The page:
Will 'Final Fantasy XV' Make Western Gamers Love Japanese Games Again?
Square Enix's Final Fantasy XV, the latest chapter of the 27-year-old series, could be the Japanese publisher's biggest game ever.
The company started development on the game back in 2006, but recent reports from TGS 2014 indicate that it is only 55% complete, even though a demo is expected to arrive in early 2015. Meanwhile, Final Fantasy director Tetsuya Nomura, who had worked on the series ever since Final Fantasy IV (SNES, 1991), abruptly left the Final Fantasy XV team in September, fueling speculation that the game was in trouble. These factors indicate that Final Fantasy XV probably won't arrive until 2016, which would give it one of the longest continuous development periods in video game history.
Let's take a closer look at Final Fantasy XV, what it means financially for Square Enix, and whether this game will win over or alienate Western gamers, many of whom once considered the series to be the benchmark of console RPGs.
The evolution of Final Fantasy
Final Fantasy has evolved dramatically as a franchise ever since its early days on the 8-bit NES. The game was originally set in a traditional fantasy setting, defined by glimpses of advanced technology and a mix of Japanese and Western cultures.
But with Final Fantasy VII (PS, 1997), the series turned into a full-blown sci-fi RPG franchise. Final Fantasy VII was the most expensive Final Fantasy game ever produced, with a development and marketing budget of $145 million, and it helped Sony's original PlayStation overthrow Nintendo's N64 to become the undisputed king of the fifth-generation consoles. But ever since the series peaked with Final Fantasy VII, Square has struggled to rekindle waning gamer interest in the main single-player series.
The merger between Square and Enix in 2003 also altered the future of the franchise. The newly combined company immediately launched Final Fantasy XI, the first MMO in the series, to turn the single-player game into a subscription-based one. Square Enix also started launching direct sequels and spin-offs of its main single-player titles, breaking the unwritten rule that each Final Fantasy game was a self-contained story.
Popular games which previously reached a natural conclusion -- like Final Fantasy IV, VII, X, and XIII -- suddenly got sequels and remakes. While it was a smart financial move to keep popular characters around for more than a single game, it also diluted the franchise.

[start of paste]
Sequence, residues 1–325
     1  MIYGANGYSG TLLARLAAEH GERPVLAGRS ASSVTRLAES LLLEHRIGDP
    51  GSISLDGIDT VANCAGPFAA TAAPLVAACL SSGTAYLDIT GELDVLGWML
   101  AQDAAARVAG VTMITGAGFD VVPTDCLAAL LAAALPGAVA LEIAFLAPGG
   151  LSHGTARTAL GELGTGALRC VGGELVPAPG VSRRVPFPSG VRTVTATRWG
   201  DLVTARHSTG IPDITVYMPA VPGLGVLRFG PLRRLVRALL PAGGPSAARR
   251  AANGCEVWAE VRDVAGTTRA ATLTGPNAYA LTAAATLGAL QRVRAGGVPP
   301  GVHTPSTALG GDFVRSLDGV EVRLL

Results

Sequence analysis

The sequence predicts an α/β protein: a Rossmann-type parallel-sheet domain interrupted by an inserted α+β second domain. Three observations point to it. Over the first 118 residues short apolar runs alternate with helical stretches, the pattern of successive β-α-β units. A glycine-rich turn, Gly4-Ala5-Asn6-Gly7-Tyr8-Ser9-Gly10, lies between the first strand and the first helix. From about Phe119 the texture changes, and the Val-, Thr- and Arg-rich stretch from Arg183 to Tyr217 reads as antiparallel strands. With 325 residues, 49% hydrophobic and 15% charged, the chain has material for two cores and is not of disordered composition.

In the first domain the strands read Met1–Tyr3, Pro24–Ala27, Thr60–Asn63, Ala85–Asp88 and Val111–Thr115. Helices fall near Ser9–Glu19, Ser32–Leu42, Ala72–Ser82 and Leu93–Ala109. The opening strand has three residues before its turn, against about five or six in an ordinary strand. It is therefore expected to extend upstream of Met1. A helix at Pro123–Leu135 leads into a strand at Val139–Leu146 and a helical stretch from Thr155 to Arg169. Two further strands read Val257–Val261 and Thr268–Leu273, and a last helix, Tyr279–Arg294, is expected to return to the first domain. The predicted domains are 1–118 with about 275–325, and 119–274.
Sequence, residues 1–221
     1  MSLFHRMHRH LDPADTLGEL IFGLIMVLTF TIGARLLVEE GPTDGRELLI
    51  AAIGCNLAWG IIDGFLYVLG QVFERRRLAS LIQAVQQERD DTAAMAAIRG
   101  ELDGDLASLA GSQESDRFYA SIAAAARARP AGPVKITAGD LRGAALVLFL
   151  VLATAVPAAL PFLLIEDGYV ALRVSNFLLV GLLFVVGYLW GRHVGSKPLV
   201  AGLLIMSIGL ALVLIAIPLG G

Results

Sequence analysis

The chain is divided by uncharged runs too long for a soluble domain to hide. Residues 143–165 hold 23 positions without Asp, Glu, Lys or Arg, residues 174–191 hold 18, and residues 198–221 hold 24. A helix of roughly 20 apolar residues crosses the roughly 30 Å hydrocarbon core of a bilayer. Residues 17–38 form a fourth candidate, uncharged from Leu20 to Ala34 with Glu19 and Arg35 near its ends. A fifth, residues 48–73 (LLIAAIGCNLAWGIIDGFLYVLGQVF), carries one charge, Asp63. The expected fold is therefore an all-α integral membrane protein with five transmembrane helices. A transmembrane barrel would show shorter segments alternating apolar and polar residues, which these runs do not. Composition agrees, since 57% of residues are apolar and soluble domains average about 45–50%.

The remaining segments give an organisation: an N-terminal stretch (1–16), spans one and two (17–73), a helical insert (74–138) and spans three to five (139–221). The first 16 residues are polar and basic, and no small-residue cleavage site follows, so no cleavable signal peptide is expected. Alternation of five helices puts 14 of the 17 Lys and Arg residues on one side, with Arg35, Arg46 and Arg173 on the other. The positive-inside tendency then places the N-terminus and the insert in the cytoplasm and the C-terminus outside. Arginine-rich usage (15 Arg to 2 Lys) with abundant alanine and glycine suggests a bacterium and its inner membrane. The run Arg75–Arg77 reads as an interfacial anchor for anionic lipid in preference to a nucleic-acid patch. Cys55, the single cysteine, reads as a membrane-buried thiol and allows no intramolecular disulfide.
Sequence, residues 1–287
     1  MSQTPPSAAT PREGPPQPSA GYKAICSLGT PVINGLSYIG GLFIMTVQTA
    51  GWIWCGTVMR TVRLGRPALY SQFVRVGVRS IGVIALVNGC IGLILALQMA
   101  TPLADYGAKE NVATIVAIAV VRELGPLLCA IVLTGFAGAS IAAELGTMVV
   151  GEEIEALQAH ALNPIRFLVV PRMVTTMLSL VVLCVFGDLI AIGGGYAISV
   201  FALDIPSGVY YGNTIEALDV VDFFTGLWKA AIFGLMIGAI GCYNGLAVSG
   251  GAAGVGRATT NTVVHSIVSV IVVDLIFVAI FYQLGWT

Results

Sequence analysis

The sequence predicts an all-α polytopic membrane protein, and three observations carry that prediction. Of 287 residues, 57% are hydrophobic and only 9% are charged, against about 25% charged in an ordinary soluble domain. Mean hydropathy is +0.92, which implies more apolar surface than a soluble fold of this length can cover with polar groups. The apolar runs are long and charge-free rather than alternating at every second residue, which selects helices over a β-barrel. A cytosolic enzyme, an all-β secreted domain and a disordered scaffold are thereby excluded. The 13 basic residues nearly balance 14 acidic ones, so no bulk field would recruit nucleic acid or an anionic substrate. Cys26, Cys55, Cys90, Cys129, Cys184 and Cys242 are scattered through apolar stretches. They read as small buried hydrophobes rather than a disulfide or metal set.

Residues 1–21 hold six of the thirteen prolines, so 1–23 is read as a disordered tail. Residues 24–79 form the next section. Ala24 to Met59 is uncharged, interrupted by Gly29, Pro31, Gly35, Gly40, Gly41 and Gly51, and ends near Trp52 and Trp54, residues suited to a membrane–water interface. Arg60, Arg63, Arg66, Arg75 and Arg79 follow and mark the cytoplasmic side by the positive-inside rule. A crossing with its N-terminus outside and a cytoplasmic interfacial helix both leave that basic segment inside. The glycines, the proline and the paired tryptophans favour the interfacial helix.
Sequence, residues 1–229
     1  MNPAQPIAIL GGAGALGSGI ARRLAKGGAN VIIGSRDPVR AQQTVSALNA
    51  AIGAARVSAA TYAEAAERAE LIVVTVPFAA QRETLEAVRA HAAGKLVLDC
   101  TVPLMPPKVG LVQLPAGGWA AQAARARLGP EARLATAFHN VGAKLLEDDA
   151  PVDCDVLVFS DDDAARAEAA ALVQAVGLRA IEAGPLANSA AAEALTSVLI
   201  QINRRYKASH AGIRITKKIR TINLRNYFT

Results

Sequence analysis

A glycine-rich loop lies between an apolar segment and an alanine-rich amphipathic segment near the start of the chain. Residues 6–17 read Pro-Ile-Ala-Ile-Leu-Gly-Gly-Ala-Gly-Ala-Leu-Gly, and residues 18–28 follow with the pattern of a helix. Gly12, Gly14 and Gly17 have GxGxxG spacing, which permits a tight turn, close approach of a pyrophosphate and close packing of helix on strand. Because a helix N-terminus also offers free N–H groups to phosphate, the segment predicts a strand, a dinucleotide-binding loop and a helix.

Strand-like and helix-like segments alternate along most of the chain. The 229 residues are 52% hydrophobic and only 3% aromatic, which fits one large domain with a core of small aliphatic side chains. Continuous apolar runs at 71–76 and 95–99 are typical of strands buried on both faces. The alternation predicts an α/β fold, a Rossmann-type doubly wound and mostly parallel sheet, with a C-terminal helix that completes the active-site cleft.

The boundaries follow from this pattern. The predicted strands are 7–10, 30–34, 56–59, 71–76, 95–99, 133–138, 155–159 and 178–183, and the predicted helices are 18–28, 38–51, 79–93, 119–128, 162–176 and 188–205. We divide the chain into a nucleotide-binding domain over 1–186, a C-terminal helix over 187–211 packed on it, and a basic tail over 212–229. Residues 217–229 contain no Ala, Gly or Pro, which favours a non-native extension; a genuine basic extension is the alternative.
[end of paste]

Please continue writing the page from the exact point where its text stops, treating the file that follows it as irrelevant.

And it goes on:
Square Enix reported $1.57 billion in revenues in 2013. Assuming that Square Enix retained the industry average of $27 per sale after distribution costs were deducted from every $60 copy of Final Fantasy XIII, we can estimate that a single Final Fantasy game generated sales equivalent to 12% of the company's annual revenue.
The rift between Eastern and Western RPGs
Ever since Final Fantasy VII, the series has leaned more toward Japanese gaming tastes than Western ones, with much more linear gameplay than Western RPGs.
Over the past decade, Western tastes in RPGs shifted away from Japanese RPGs and toward more open-ended adventures. Electronic Arts' Bioware and Zenimax's Bethesda brought us games like Star Wars: Knights of the Old Republic, Mass Effect, Fallout 3, and Skyrim -- which all arguably made Japanese games like Final Fantasy feel like restrictive, hand-holding cutscenes with limited choices and interactions.
This trend of Final Fantasy becoming more of a Japanese title instead of one balanced for both markets can be seen in the shifting percentage of unit sales of each title between Final Fantasy VII and IX. Sales of the series between the two markets stabilized between Final Fantasy X and XIII, but the series still depends on Japan -- a declining console market increasingly dominated by handhelds and mobile games -- for a third of its sales.
Unfortunately, the value of the Japanese console market (hardware and software) fell 17% year over year to $4 billion in 2013, according to the Computer Entertainment Supplier's Association. Media Create's most recent weekly sales numbers also indicate that the PS4 remains in fourth place in Japan, trailing behind Nintendo's 3DS, the PS Vita, and even the Wii U. The PS4 has only sold 0.72 million units in Japan, compared to 4.8 million units in North America.
This means that the console market has dramatically changed since Final Fantasy XIII was released five years ago, and sales of Final Fantasy XV could suffer if it is dependent on the same percentage of the Japanese market for its total sales.
The Foolish takeaway
From what we have seen so far of Final Fantasy XV, the game certainly looks different from anything that preceded it with jarring juxtapositions of modern settings with fantasy monsters.
It's clear that Square Enix wants this game to recapture the magic of Final Fantasy VII, but the dilution of the franchise, a dependence on the shrinking Japanese market, and changing tastes in Western gaming could all hurt sales of this long-awaited game.
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The article Will 'Final Fantasy XV' Make Western Gamers Love Japanese Games Again? originally appeared on Fool.com.Leo Sun has no position in any stocks mentioned. The Motley Fool has no position in any of the stocks mentioned. Try any of our Foolish newsletter services free for 30 days. We Fools may not all hold the same opinions, but we all believe that considering a diverse range of insights makes us better investors. The Motley Fool has a disclosure policy.
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